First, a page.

U.S. Rep. Mark Pocan said the House is moving swiftly in its investigation of President Donald Trump and will likely vote on articles of impeachment against the president sometime this fall.
Trump is the subject of an impeachment inquiry from House Democrats over a whistleblower complaint that he asked Ukrainian president Volodymyr Zelensky to investigate former Vice President Joe Biden and his son, Hunter.
Pocan said evidence so far points to an impeachable offense by the president, especially a reconstructed transcript of the conversation between Trump and Zelensky in which he asks the Ukrainian leader to "do us a favor" and work with Attorney General William Barr and his personal lawyer, Rudy Giuliani, to investigate the Bidens.
"You have the motive, the crime, the confession and the evidence," Pocan said in a meeting with reporters in Madison Monday. "He has betrayed his oath of office by asking a foreign leader to dig dirt up on a political opponent. He’s admitted that."
Pocan said that because the U.S. Department of Justice has said it won't indict a sitting president, impeachment is necessary.
You have free articles remaining.
He said the House inquiry will also help establish whether a cover up by government officials occurred, which could help to inform members how to vote on impeachment.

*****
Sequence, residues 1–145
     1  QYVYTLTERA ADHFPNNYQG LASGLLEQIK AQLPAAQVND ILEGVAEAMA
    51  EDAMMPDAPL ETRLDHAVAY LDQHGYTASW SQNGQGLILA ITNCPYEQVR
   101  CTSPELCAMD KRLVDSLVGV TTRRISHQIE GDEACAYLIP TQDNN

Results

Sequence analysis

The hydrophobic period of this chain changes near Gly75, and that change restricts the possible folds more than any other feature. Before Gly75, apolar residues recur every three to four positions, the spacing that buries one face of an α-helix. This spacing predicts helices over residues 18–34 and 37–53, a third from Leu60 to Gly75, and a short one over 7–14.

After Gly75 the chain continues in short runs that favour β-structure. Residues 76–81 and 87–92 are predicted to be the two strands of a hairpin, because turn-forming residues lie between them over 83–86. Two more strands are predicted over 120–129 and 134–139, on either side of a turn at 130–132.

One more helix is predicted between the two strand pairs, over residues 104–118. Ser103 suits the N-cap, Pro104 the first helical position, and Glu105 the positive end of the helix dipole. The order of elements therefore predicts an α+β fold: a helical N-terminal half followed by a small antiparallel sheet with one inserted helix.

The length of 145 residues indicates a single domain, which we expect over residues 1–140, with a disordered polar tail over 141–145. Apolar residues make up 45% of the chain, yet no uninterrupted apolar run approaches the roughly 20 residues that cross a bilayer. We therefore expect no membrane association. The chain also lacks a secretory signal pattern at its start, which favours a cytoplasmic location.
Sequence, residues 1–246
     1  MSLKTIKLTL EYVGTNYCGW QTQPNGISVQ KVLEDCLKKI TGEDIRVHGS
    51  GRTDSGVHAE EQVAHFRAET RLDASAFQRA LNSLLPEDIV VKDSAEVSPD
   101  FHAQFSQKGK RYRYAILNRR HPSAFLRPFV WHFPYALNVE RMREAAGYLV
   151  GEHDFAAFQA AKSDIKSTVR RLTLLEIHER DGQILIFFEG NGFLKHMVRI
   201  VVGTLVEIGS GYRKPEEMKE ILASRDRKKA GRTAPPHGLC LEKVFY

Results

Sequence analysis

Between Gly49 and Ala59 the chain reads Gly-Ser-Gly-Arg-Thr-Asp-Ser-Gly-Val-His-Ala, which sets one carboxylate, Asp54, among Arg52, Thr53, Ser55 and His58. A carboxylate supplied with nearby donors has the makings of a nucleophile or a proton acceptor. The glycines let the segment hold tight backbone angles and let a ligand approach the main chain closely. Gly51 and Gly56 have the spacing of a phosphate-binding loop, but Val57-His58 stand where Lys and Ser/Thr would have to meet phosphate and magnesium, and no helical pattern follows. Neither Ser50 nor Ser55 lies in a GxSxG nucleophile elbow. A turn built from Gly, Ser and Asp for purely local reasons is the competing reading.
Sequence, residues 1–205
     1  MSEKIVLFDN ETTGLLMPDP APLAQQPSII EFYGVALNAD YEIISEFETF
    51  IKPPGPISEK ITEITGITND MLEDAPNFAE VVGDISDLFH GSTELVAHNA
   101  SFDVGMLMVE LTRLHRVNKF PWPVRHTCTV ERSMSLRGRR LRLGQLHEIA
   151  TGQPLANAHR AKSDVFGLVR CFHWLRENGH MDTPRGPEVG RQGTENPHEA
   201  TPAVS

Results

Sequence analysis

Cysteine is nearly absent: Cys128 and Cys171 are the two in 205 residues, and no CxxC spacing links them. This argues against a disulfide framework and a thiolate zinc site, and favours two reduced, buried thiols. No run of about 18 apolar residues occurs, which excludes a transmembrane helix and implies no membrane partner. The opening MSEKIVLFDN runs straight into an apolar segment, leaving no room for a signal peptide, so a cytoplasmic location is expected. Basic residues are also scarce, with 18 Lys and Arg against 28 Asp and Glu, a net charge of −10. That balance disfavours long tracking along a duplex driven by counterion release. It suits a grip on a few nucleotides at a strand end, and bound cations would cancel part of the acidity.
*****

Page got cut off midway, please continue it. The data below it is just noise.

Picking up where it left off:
In recent weeks, U.S. Sen. Ron Johnson, R-Oshkosh, placed himself in the middle of the impeachment inquiry when he revealed he had learned of a possible quid pro quo involving Trump from Gordon Sondland, U.S. ambassador to the European Union but said the president had denied it to him.
Sondland is scheduled to testify before Congress this week.
Johnson also said Trump blocked him from telling Ukraine’s president that U.S. aid to the eastern European nation was on its way.
Johnson said Trump in an Aug. 31 phone call rejected the idea he directed his staff to make military aid to Ukraine contingent on a new investigation by that country. Johnson in his Sunday interview added Trump “vehemently, angrily denied it.”
Pocan said Johnson, who is chairman of the Senate Committee on Homeland Security, should have held hearings after learning of the potential quid pro quo.